Sunday, September 11, 2016

Early migrants? #phenology

Nature seems to have been engaging in some prestidigitation the past few days. While some of us have been focused on the hummingbirds, which are still in evidence, that she held in her left hand, with her right hand she seems to have hurled South a large number of this year's flock of new goldfinches.

Summer hummingbird
Summer hummingbird
Photo by J. Harrington

The supply of black oil sunflower seeds has been lasting longer this past week than it had in mid-August. That was a clue something had changed. This morning, for the longest time, all I saw at the feeder were chickadees. We usually have goldfinch around all Winter, so I just assumed over the past few days they'd arrived, fed and left when I wasn't looking. The longer I watched, the more questionable I found that hypothesis.

Winter goldfinch
Winter goldfinch
Photo by J. Harrington

Mid day, finally, a pair of goldfinch showed up. Both were drab olive females. No bright gold males were anywhere to be seen. I've read that some goldfinch migrate toward less frigid climes for Winter and think that may be what happened this past week. We'll see.

In Harvest


By Sophie Jewett


Mown meadows skirt the standing wheat;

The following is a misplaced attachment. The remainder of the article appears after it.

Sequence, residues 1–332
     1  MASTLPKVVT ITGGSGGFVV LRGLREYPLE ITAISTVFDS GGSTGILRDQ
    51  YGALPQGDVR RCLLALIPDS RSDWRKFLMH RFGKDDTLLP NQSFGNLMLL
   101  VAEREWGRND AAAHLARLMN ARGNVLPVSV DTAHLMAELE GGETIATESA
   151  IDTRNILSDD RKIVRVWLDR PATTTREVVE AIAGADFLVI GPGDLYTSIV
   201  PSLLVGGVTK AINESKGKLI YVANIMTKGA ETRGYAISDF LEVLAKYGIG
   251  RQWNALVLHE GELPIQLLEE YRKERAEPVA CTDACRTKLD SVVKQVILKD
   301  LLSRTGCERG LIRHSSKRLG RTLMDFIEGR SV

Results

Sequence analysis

I linger, for the hay is sweet,
New-cut and curing in the sun.
Like furrows, straight, the windrows run,
Fallen, gallant ranks that tossed and bent
When, yesterday, the west wind went
A-rioting through grass and grain.
To-day no least breath stirs the plain;
Only the hot air, quivering, yields
Illusive motion to the fields
Where not the slenderest tassel swings.
Across the wheat flash sky-blue wings;
A goldfinch dangles from a tall,
Full-flowered yellow mullein; all
The world seems turning blue and gold.
Unstartled, since, even from of old,
Beauty has brought keen sense of her,
I feel the withering grasses stir;
Along the edges of the wheat,
I hear the rustle of her feet:
And yet I know the whole sea lies,
And half the earth, between our eyes.


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